What is it?
A drive in any modern Hyundai will tell you that the company is serious about making its cars ride and handle well. We’ve tried two versions of its upcoming i40 big family wagon, still in prototype form, to assess how it might do when it goes on sale.
What's it like?
Given they’re early-build cars, one has to make allowances for fit and finish. For what it’s worth, though, that’s pretty good already. The cabin design and layout are tidy, too.
Hyundai has two i40 chassis settings in development. One it calls ‘ride’ and the other ‘handling’, but they’re both slightly different takes on the same upper-medium theme. The thinking is that one, the other, both, or a compromise could reach market.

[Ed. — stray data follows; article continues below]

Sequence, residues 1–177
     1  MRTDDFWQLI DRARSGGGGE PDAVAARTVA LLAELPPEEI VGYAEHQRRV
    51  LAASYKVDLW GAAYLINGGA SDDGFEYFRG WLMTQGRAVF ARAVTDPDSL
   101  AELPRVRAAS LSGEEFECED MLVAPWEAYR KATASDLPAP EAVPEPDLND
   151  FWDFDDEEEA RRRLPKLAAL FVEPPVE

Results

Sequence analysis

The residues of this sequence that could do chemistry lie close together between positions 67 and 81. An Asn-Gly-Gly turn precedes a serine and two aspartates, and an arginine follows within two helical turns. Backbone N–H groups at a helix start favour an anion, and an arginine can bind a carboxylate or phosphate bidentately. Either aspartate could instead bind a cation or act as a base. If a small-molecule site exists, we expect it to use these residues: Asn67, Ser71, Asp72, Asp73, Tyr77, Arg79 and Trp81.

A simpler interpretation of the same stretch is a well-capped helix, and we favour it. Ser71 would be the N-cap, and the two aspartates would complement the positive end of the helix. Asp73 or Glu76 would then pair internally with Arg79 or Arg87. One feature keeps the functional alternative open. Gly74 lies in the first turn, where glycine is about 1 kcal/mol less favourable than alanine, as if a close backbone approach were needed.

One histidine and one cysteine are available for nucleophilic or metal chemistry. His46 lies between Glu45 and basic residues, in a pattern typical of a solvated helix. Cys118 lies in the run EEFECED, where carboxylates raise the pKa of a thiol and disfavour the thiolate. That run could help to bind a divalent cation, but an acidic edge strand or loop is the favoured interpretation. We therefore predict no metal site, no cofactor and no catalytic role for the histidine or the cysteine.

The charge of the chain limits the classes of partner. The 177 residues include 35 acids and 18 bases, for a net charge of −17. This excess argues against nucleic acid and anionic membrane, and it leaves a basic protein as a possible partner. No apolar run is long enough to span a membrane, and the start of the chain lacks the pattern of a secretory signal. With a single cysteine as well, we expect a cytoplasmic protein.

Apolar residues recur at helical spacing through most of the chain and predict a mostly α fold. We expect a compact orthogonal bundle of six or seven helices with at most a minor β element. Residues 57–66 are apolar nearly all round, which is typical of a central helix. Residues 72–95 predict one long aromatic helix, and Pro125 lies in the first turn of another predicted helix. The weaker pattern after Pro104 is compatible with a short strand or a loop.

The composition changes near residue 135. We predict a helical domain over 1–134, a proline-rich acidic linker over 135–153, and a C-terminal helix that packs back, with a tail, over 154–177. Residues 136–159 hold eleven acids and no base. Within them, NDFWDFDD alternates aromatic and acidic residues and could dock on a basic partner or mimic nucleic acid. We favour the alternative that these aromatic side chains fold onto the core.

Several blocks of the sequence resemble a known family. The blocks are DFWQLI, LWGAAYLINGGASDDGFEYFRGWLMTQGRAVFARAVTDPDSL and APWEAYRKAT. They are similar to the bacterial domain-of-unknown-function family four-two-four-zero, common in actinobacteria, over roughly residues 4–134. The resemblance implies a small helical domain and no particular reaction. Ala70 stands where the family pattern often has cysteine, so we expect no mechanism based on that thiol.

We tried the ‘handling’ car first. Its steering is consistently too light, albeit accurate, and it fidgets a little on pockmarked town roads. The upshot is mostly well contained body movements at higher speeds. It fails, though, to absorb bumps in a ‘premium’ fashion. When you hit a pothole, you hear and feel it.
The ‘ride’ settings mostly counter that. You feel bumps less and hear a lower-frequency noise, more akin to how a Ford Mondeo or Volkswagen Passat might ride. That makes a difference to how expensive it feels.